[vc_row full_width=”stretch_row” css=”.vc_custom_1531732107238{background-color: #fcc118 !important;}”][vc_column]

[/vc_column][/vc_row][vc_row css=”.vc_custom_1531730959461{border-bottom-width: 1px !important;background-color: #f9fafb !important;border-bottom-color: #eef3f7 !important;border-bottom-style: solid !important;}”][vc_column css=”.vc_custom_1531891416301{margin-bottom: 0px !important;}”][bsfp-cryptocurrency style=”widget-6″ align=”auto” columns=”2″ scheme=”light” coins=”top-x-coins” coins-count=”8″ coins-selected=”” currency=”USD” title=”Cryptocurrencies” show_title=”0″ icon=”” heading_color=”” heading_style=”default” bs-show-desktop=”1″ bs-show-tablet=”1″ bs-show-phone=”1″ css=”.vc_custom_1531730265600{margin-bottom: 0px !important;}” custom-css-class=”” custom-id=””][/vc_column][/vc_row]

ECB Will Start Cutting Interest Rates in Q2


Euro Poised for a Fundamental Change

The European Central Bank will cut rates in the second quarter of the year and will continue to cut borrowing costs during the second half of the year if recent central bank rhetoric is to be believed. The financial markets certainly think that this is the most likely scenario and that is going to weigh on the euro in the weeks and months ahead.

Euro Area Inflation is Seen Falling Further

The latest ECB Staff Projections suggest the inflation will continue to fall further over the coming months and quarters with energy inflation ‘projected to remain in negative territory for most of 2024’, while food inflation is expected to ‘decline strongly from 10.9% in 2023 to an average of 3.2% in 2024’. With price pressures receding quickly, the European Central Bank now has added confidence, and flexibility, on the timing of their first interest rate cut.

Euro area HICP inflation

Source: European Central Bank

After acquiring a thorough understanding of the fundamentals impacting the euro in Q2, why not see what the technical setup suggests by downloading the full euro Q2 forecast?

Recommended by Nick Cawley

Get Your Free EUR Forecast

Euro Area Growth to Remain Tepid this Year

Euro Area growth is set to remain weak this year, according to a range of official forecasters, with the latest ECB projections suggesting a tepid 0.6% recovery for 2024. Recent data showed that the Euro Area economy expanded by a downwardly revised 0.4% in 2023, hampered by weak demand and elevated borrowing costs. The Euro Area’s largest member state, and the prior growth engine of the 19-member block, Germany, has been unable to boost economic activity to anything like its previous levels and is seen growing by just 0.2% in 2024. Recent comments from German Economic Minister Robert Habeck suggest that the economy is ‘in tricky waters and that Germany is coming out of the crisis ‘more slowly than we had hoped’, adding to fears that the German economy is flatlining. The German government originally forecast GDP growth of 1.3% in 2024. The German economy has been hit hard by weak export growth due to lower global demand and its prior dependence on Russian oil and gas. Germany ceased importing Russian oil and gas in late 2022 after Russia invaded Ukraine.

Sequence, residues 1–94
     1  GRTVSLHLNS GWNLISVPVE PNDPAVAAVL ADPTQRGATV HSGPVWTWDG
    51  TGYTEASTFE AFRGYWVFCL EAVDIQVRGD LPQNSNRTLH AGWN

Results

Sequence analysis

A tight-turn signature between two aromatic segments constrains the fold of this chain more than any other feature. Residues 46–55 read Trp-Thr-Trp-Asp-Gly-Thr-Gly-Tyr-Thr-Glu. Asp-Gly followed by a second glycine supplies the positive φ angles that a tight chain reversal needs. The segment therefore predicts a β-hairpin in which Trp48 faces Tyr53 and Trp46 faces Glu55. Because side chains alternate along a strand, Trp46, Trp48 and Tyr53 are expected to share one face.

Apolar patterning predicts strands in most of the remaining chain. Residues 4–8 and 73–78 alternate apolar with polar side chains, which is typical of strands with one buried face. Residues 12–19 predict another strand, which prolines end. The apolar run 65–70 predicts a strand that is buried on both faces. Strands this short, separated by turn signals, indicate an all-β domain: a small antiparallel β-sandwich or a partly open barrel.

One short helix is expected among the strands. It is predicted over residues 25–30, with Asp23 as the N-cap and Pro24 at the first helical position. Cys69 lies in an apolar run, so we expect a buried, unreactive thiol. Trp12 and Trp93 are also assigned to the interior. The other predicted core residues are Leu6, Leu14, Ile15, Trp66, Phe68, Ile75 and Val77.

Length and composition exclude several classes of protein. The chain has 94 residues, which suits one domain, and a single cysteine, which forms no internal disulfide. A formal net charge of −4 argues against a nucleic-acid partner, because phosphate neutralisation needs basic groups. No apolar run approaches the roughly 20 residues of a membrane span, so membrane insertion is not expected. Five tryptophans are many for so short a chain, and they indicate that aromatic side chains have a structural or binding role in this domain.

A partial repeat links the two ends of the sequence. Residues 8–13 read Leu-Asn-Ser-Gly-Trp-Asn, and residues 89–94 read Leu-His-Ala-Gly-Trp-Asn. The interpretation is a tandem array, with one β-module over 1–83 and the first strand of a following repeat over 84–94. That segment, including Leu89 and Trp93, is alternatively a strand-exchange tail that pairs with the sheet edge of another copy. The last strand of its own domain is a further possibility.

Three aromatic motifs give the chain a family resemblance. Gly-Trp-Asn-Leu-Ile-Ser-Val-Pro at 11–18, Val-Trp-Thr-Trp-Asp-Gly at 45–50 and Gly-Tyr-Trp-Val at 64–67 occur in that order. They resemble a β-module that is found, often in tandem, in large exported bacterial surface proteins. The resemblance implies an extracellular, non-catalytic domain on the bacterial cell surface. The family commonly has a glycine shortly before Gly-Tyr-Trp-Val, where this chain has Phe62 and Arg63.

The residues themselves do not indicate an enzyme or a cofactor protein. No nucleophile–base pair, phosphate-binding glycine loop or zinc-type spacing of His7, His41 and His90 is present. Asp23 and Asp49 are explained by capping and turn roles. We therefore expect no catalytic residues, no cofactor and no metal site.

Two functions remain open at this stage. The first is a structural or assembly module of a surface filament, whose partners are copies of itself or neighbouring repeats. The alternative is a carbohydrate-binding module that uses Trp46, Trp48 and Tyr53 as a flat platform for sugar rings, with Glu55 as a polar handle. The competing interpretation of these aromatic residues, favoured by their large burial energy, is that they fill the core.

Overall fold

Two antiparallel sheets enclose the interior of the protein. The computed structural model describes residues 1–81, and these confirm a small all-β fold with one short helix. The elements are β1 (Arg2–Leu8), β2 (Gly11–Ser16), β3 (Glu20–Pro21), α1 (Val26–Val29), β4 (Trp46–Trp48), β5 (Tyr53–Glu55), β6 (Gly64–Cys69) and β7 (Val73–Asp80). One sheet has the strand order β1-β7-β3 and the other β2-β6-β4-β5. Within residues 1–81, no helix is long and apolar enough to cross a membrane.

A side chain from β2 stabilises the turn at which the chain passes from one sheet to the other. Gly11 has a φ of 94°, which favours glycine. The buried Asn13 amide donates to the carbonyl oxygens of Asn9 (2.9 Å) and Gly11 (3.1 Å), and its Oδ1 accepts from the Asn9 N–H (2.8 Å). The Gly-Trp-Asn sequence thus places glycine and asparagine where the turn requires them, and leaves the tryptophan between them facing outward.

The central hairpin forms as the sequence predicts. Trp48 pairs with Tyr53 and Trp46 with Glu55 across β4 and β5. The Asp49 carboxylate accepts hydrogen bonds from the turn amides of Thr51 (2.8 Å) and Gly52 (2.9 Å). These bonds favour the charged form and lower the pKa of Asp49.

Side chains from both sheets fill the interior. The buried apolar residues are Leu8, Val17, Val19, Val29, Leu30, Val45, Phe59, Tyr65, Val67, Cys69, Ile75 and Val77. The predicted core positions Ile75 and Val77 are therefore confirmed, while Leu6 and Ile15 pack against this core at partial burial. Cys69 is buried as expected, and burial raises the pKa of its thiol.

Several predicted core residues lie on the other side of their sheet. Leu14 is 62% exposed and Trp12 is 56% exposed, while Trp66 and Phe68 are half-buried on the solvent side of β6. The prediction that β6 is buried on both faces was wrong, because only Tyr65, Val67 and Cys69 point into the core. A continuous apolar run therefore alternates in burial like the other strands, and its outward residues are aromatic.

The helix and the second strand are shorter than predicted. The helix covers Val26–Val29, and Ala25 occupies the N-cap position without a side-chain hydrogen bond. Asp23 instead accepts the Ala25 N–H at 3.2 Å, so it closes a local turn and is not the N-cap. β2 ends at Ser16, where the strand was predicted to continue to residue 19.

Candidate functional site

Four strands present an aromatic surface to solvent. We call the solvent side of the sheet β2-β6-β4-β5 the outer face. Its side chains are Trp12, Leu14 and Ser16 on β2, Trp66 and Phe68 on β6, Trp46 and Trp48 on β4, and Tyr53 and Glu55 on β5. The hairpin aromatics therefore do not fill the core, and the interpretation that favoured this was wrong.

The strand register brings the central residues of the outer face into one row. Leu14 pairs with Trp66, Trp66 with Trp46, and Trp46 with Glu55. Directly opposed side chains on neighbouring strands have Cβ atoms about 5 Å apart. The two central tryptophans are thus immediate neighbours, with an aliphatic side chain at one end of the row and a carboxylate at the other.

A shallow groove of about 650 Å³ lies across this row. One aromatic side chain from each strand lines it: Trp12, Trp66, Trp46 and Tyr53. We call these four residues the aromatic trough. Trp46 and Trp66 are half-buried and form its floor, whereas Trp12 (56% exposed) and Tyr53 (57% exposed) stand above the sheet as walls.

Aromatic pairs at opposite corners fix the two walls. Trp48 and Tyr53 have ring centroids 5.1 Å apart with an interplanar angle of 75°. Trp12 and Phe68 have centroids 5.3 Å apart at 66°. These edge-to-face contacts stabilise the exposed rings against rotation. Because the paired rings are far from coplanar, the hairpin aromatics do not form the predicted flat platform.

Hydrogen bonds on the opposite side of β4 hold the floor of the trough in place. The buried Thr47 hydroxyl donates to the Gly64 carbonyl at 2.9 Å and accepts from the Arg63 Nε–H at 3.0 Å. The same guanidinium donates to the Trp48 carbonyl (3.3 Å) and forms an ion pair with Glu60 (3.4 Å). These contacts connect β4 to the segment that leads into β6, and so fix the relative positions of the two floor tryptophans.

Will the ECB Start Cutting Rates in June?

At the last ECB Monetary Policy meeting in March, President Christine Lagarde admitted that while the Governing Council have not discussed rate cuts, they have begun ‘discussing the dialling back of our restrictive policy’. Ms. Lagarde also added that the central bank is making progress on pushing inflation towards target. ‘And we are more confident as a result. But we are not sufficiently confident, and we clearly need more evidence, more data…We will know a little more in April, but we will know a lot more in June’. This referencing of the June meeting saw market expectations of a rate cut at the end of H1 jump. Financial markets are currently showing a 64% chance of a 25-basis point move at the June 6th meeting, while the market is currently undecided if the ECB will cut three or four times this year.

ECB – Probability Distribution


Source: Refinitiv, Prepared by Nick Cawley

With inflation moving further lower, and with growth weak at best, the ECB will start the process of unwinding its restrictive monetary policy at the June meeting, with a very real possibility of an additional cut at the July meeting before the August holiday season kicks in. The ECB will not be the only major central bank to start lowering borrowing costs this year, but it is very likely that they will be the first and this will leave the Euro vulnerable to additional bouts of weakness in the months ahead.

Looking for actionable trading ideas? Download our top trading opportunities guide packed with insightful tips for the second quarter!

Recommended by Nick Cawley

Get Your Free Top Trading Opportunities Forecast

element inside the element. This is probably not what you meant to do!
Load your application’s JavaScript bundle inside the element instead.

Leave A Reply

Your email address will not be published.

This website uses cookies to improve your experience. We'll assume you're ok with this, but you can opt-out if you wish. Accept Read More